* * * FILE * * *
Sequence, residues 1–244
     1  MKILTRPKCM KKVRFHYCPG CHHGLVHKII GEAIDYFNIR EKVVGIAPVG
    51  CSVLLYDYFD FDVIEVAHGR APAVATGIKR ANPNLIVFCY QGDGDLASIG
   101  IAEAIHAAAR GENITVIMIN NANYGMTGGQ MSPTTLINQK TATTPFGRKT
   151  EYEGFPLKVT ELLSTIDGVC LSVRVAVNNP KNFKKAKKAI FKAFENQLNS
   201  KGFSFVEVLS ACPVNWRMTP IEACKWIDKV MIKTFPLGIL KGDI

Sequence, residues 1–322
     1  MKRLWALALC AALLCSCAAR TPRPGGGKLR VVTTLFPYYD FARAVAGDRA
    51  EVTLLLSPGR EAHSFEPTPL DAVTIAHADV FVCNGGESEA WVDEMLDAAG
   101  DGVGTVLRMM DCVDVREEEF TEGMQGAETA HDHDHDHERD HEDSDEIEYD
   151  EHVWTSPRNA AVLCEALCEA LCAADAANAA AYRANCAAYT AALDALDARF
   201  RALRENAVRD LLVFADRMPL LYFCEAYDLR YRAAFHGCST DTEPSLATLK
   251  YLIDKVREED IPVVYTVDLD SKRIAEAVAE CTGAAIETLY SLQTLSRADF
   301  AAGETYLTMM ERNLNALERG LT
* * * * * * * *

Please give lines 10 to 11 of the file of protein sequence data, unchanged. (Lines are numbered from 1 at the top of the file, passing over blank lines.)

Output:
   101  DGVGTVLRMM DCVDVREEEF TEGMQGAETA HDHDHDHERD HEDSDEIEYD
   151  EHVWTSPRNA AVLCEALCEA LCAADAANAA AYRANCAAYT AALDALDARF